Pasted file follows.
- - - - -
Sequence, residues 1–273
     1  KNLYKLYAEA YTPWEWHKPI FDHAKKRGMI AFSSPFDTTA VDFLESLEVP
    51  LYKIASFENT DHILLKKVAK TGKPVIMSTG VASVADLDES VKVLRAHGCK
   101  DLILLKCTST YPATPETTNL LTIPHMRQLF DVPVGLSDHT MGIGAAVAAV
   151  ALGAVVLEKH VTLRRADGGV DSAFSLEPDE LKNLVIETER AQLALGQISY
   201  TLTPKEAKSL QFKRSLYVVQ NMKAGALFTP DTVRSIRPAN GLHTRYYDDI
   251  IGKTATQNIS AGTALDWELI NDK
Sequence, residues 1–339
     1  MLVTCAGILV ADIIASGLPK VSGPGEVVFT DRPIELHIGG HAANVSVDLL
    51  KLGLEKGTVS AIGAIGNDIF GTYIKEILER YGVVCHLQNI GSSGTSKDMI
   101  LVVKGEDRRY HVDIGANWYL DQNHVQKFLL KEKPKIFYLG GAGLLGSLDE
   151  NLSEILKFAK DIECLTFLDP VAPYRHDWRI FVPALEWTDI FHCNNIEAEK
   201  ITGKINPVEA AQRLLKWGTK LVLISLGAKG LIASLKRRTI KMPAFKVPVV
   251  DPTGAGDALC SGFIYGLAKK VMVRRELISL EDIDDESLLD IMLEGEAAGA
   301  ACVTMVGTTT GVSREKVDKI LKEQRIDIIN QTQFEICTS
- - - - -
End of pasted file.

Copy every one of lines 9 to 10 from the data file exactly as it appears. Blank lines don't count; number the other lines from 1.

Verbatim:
     1  MLVTCAGILV ADIIASGLPK VSGPGEVVFT DRPIELHIGG HAANVSVDLL
    51  KLGLEKGTVS AIGAIGNDIF GTYIKEILER YGVVCHLQNI GSSGTSKDMI